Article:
We had a couple of days here and had reached a point where we were keen for some proper rest and relaxation. While the sight of the pool over some simple but tasty breakfast [free toast & coffee / tea] almost won us over we decided that being at the home of the Death Railway and the Bridge over the River Kwai we ought to take in a splash of culture first.
We hired bicycles. This is further evidence that I am open to almost anything on this voyage as I hate bicycles. You can blame having a daily commute to work in the states for this.
After a few wrong turns we found the Death Railway Museum. This was a well presented exhibition chronicling the events and lives lost during the building of the Thai-Burmese Railway. The Japanese, during their World War II campaign, commissioned the mammoth project to ensure a supply line for their troops. While the officers and engineers were all Japanese the workers were a mix of south-east Asian labourers and POW’s from the Allies Forces. A huge number of people died during the project from a mix of conditions and brutality.
Our journey so far has led us to sites of the most horrific atrocities ever presided over by the human race – Auschwitz, Hiroshima and the Khmer Rouge – so it would be easy to become blasé and desensitised to smaller scale tragedies. While the Death Railway Museum can’t hope to have the same impact it’s not really about comparing and ranking is it? People died as a direct result of the action or indeed inaction of other people and irrespective of the numbers it’s obscene and ridiculous.
Next up we peddled over to the famous bridge over the river Kwai. This is not a particularly impressive structure but again its infamy is more due to the lives lost during its construction rather than the bridge itself.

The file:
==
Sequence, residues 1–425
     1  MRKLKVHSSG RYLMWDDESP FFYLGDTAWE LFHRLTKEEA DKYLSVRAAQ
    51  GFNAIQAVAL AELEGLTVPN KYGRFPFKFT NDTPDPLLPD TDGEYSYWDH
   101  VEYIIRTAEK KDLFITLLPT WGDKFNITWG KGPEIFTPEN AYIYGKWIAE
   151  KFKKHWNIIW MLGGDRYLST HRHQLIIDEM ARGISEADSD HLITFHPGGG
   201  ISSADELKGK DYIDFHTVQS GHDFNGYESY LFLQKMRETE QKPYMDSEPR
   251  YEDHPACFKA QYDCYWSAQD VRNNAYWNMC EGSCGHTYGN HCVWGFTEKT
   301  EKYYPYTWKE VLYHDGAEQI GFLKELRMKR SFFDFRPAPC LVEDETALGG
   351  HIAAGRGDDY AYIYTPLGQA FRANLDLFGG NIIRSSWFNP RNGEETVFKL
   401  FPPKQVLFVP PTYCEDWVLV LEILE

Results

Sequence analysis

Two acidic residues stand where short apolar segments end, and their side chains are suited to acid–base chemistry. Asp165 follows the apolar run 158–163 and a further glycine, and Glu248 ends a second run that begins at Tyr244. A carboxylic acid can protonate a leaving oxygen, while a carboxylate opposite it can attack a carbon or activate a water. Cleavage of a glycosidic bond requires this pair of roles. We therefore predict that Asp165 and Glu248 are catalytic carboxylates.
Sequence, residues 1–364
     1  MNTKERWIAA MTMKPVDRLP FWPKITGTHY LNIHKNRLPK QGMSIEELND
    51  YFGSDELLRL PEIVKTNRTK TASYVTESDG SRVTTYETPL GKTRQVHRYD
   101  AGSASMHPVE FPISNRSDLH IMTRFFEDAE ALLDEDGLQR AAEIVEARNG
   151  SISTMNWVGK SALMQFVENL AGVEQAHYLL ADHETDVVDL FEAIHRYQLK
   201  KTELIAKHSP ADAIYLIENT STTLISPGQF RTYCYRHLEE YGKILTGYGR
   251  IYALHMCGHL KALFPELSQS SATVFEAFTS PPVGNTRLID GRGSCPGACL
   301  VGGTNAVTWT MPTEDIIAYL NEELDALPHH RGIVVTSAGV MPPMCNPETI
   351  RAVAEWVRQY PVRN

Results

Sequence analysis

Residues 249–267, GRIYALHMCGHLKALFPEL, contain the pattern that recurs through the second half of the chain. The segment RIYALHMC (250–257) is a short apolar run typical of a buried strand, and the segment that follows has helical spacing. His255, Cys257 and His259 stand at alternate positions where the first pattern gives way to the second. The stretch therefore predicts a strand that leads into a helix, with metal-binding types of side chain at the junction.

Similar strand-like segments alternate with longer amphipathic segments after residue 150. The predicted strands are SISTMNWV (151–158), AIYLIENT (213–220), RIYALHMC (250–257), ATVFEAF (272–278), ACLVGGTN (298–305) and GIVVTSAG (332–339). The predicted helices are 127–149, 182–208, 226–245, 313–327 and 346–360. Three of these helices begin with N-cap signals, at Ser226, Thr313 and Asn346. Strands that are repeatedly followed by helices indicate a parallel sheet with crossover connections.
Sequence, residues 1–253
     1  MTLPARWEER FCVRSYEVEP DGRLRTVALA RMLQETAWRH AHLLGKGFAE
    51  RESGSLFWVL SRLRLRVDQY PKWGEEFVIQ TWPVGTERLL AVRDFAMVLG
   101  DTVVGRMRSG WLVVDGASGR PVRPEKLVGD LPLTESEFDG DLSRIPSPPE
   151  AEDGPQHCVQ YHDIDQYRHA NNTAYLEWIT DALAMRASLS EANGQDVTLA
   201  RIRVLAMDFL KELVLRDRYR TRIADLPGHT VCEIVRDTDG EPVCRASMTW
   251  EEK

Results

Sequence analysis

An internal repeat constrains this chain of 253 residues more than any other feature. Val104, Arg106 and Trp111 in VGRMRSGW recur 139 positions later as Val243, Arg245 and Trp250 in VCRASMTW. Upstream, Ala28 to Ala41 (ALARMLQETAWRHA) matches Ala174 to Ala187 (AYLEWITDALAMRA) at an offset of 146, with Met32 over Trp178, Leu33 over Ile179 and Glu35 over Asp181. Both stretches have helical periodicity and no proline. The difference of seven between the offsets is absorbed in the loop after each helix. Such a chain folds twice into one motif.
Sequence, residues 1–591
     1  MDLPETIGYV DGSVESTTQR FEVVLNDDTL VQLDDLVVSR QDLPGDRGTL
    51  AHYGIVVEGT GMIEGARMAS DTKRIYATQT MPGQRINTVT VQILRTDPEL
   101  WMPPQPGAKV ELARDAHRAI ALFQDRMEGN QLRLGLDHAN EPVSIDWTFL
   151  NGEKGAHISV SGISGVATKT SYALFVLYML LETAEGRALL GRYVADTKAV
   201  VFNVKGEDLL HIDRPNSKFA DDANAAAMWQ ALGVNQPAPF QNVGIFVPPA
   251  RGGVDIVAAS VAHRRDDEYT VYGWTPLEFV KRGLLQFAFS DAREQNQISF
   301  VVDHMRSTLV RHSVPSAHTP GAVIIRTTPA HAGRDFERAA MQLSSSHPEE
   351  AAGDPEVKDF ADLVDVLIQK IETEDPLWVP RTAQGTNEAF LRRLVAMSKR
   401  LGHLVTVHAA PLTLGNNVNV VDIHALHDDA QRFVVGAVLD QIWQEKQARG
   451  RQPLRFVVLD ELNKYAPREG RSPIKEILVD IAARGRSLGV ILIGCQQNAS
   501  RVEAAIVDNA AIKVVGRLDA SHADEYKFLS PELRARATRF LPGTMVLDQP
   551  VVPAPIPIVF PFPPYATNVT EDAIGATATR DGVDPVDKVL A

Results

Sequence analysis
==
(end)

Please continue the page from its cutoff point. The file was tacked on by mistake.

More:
We eventually rolled back to our guesthouse and hit the pool. There’s something about hitting the pool on a warm day that trumps all else in terms of actually feeling like you’re relaxing. It was a great afternoon and much comedy was had with the underwater camera.
Later Colin and I scoped out the local night market [Colin unfortunately fried his calf on a moped exhaust pipe – nasty] and we decided to all head down for an array of snacks. Afterwards we retired to our gaff with a few beers and pack or cards before an early night in preparation for the big activity of our time in Kanchanaburi – volunteering at the Elephant sanctuary.
After breakfast we were picked up and transferred – with a number of others – to the sanctuary. We were introduced to 3 volunteers who were staying at the sanctuary and working as guides for the travellers who came for just the day, as well as the lady running the show. The Elephants were just arriving with their Mahout’s – a kind of one-to-one keeper that looks after, trains, and guides their elephant. It was breakfast time and we were set to work almost immediately feeding the prepared food to the grateful trunks of each of the lined up Elephants. I think if that’s all we’d have done for the duration of the day it would have been us that gave up first – their appetites were insatiable.
Over the course of the day we were introduced to a few of the elephants, we chopped fruit, slaved over hot woks to cook sticky rice for the older ones, swam 4 kilometres down the river Kwai to a banana plantation to collect the banana trees themselves [the elephants will east the lot]. We then made the rice balls up and fed the older elephants, saw the medical team in action nursing the ongoing ailments each resident elephant suffers from and then spent an hour or so in the river with the elephants giving them a good scrub. Pineapples were also delivered, prepared and fed to them over the course of the afternoon. By the end of the day we were pretty exhausted but I think collectively we enjoyed the chance to muck in and do something useful and productive for the benefit of the gentle giants.
The next day was a huge journey to Koh Phangan so the night went by quietly.